- Very inexpensive way to get started, since the stock plane (300 version) will carry an Aiptek still camera with no problem.

Ok, those are my favorites along with my reasons... what are yours?

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Good thread!

I guess we should point out that the Soarstar, Wingo, and Slowstick are small electric "park flyers." Mostly made of foam plastic and other lightweight materials. Build time is just a couple of hours. Most of the R/C hobby shops carry these models.

Soarstar / Wingo / Poppy Comments

I really like the Soarstar. When hauling stuff, the geared motor is an advantage over the Wingo's direct drive. And there is plenty of trunk space in it to hold all the electronic goodies. I've put 9 ounces of gear into mine and it still flies fine (but is a bit porky). I recommend an 8-cell KR-1100AAU pack in the model. BTW, the Poppy is another Wingo/Soarstar Clone.

SlowStick Comments

The GWS SlowStick is very low cost, but I do not enjoy flying mine when there is any wind. Sadly, this model spends most of the time in the hangar. It has such a strong following that I must admit that I feel badly that I do not like it better. I hear that putting a brushless motor in it will really help it out (but the $$ is a bit steep for me to do that).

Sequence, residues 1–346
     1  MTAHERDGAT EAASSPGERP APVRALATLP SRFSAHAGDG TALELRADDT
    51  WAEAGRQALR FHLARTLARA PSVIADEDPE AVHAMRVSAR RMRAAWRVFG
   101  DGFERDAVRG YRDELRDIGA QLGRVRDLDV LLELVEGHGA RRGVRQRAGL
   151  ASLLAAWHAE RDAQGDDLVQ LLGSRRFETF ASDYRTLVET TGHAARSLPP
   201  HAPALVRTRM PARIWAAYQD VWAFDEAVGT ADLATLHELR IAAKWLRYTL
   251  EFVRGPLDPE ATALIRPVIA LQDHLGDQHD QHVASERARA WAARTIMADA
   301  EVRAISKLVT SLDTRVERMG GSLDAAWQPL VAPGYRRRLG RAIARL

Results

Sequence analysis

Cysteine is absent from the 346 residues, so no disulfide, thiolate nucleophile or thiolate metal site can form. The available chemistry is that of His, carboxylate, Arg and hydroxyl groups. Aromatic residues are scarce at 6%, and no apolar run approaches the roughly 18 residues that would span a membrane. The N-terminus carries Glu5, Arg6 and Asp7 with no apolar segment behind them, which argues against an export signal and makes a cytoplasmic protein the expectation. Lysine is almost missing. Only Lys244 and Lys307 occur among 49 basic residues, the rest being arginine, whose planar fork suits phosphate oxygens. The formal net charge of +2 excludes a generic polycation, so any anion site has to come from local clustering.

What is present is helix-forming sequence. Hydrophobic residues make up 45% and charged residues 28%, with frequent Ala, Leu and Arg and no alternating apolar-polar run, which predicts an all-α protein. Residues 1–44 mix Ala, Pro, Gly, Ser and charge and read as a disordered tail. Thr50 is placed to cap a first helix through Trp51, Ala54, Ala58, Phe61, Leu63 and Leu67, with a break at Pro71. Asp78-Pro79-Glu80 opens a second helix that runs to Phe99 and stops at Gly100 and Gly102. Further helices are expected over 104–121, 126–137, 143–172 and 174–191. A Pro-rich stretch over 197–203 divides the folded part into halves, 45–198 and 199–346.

Electrajet Comments

The Electrajet from Horizon is NOT a good camera ship. Although it uses the same power system as the Soarstar, it is too underpowered and has a limited payload (a couple of ounces might be about it). But as a park flyer it really looks good in the air.

General Comments

The thing to keep in mind with digital still cameras is that fast movement will disturb the photo quality. Especially so with CMOS cameras. The electric park flyers work great for the aerial photography application because the motor can be shut off as each photo is taken. Their low stall speeds is very helpful too.

And if you haven't seen the various flavors of the CamMan project, then you should visit the RC-CAM site. They allow you to trigger a digital camera from the R/C Rx.